The Barunga Statement single work   non-fiction  
Date: 1988
Issue Details: First known date: 1988 1988
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AbstractHistoryArchive Description

Barunga settlement was originally known as Beswick Creek and the Indigenous people living on this site were relocated from Tandangal in 1948. The Barunga Statement was written on bark and it outlined the rights of the Indigenous people of Australia that had been denied them since invasion in 1788. The statement was handed to the then Prime Minister R.J.L. (Bob) Hawke on the 12 June 1988 and called upon the Federal Government to negotiate a treaty with Indigenous people and pass laws that sought recognition of their rights and addressed their disadvantages.

Publication Details of Only Known VersionEarliest 2 Known Versions of

First known date: 1988
  • Appears in:
    y Macquarie PEN Anthology of Australian Literature Nicholas Jose (editor), Kerryn Goldsworthy (editor), Anita Heiss (editor), David McCooey (editor), Peter Minter (editor), Nicole Moore (editor), Elizabeth Webby (editor), Crows Nest : Allen and Unwin , 2009 Z1590615 2009 anthology correspondence diary drama essay extract poetry prose short story (taught in 23 units)

    'Some of the best, most significant writing produced in Australia over more than two centuries is gathered in this landmark anthology. Covering all genres - from fiction, poetry and drama to diaries, letters, essays and speeches - the anthology maps the development of one of the great literatures in English in all its energy and variety.

    'The writing reflects the diverse experiences of Australians in their encounter with their extraordinary environment and with themselves. This is literature of struggle, conflict and creative survival. It is literature of lives lived at the extremes, of frontiers between cultures, of new dimensions of experience, where imagination expands.

    'This rich, informative and entertaining collection charts the formation of an Australian voice that draws inventively on Indigenous words, migrant speech and slang, with a cheeky, subversive humour always to the fore. For the first time, Aboriginal writings are interleaved with other English-language writings throughout - from Bennelong's 1796 letter to the contemporary flowering of Indigenous fiction and poetry - setting up an exchange that reveals Australian history in stark new ways.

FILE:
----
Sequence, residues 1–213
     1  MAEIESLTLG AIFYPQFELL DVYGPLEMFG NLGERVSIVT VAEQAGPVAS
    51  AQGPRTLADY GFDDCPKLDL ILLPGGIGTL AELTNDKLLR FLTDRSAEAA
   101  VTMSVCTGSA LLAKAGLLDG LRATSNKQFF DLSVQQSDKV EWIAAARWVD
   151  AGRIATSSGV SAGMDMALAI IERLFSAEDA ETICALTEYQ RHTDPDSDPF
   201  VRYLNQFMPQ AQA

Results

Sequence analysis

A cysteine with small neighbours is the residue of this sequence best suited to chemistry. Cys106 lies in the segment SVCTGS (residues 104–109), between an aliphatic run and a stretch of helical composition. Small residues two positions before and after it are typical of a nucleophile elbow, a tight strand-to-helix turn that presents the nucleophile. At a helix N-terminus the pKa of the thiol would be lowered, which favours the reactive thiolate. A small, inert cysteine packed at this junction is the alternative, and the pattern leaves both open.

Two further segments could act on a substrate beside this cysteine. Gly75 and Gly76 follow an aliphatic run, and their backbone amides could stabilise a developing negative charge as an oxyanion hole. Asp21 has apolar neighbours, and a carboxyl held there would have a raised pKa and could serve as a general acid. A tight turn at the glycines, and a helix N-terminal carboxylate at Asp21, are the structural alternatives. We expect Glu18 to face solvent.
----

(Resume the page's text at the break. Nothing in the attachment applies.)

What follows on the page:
'From vivid settler accounts to haunting gothic tales, from raw protest to feisty urban satire and playful literary experiment, from passionate love poetry to moving memoir, the Macquarie PEN Anthology of Australian Literature reflects the creative eloquence of a society.

    'Chosen by a team of expert editors, who have provided illuminating essays about their selections, and with more than 500 works from over 300 authors, it is an authoritative survey and a rich world of reading to be enjoyed.' (Publisher's blurb)

    Allen and Unwin have a YouTube channel with a number of useful videos on the Anthology.

    Crows Nest : Allen and Unwin , 2009
    pg. 1147-1148

Works about this Work

Bring Home the Barunga Statement 2014 single work column
— Appears in: Land Rights News : Northern Edition , July no. Edition 3 2014; (p. 10)

'Twenty-five years after the Barunga Statement was presented to Prime Minister Bob Hawke, NLC Chairman Sam Bush-Blanasi wants it returned from its repository in Parliament House, Canberra...'

Bring Home the Barunga Statement 2014 single work column
— Appears in: Land Rights News : Northern Edition , July no. Edition 3 2014; (p. 10)

'Twenty-five years after the Barunga Statement was presented to Prime Minister Bob Hawke, NLC Chairman Sam Bush-Blanasi wants it returned from its repository in Parliament House, Canberra...'

Last amended 22 Sep 2009 09:59:06
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